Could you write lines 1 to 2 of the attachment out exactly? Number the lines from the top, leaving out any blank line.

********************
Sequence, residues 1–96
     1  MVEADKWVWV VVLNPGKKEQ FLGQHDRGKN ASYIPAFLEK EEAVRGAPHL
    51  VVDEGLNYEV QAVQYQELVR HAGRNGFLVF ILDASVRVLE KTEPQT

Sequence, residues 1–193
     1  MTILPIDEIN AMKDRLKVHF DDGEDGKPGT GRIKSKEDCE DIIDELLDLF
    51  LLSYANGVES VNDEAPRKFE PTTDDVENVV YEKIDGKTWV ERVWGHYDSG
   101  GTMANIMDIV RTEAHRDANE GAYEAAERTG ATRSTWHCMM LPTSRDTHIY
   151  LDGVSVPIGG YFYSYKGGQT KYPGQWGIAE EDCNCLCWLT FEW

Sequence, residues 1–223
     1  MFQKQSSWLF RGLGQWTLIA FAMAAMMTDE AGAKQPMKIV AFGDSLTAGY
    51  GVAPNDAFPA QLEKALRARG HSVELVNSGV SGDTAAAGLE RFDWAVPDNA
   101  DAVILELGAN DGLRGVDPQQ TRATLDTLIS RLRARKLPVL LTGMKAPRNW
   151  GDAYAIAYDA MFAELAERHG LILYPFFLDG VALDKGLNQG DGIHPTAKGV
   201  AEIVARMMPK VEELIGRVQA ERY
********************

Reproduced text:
Sequence, residues 1–96
     1  MVEADKWVWV VVLNPGKKEQ FLGQHDRGKN ASYIPAFLEK EEAVRGAPHL